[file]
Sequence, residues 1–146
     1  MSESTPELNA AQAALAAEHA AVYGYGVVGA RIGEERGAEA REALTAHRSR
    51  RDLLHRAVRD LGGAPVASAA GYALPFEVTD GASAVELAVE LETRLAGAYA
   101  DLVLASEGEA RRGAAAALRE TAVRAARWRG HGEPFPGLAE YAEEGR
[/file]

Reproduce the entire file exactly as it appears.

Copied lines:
Sequence, residues 1–146
     1  MSESTPELNA AQAALAAEHA AVYGYGVVGA RIGEERGAEA REALTAHRSR
    51  RDLLHRAVRD LGGAPVASAA GYALPFEVTD GASAVELAVE LETRLAGAYA
   101  DLVLASEGEA RRGAAAALRE TAVRAARWRG HGEPFPGLAE YAEEGR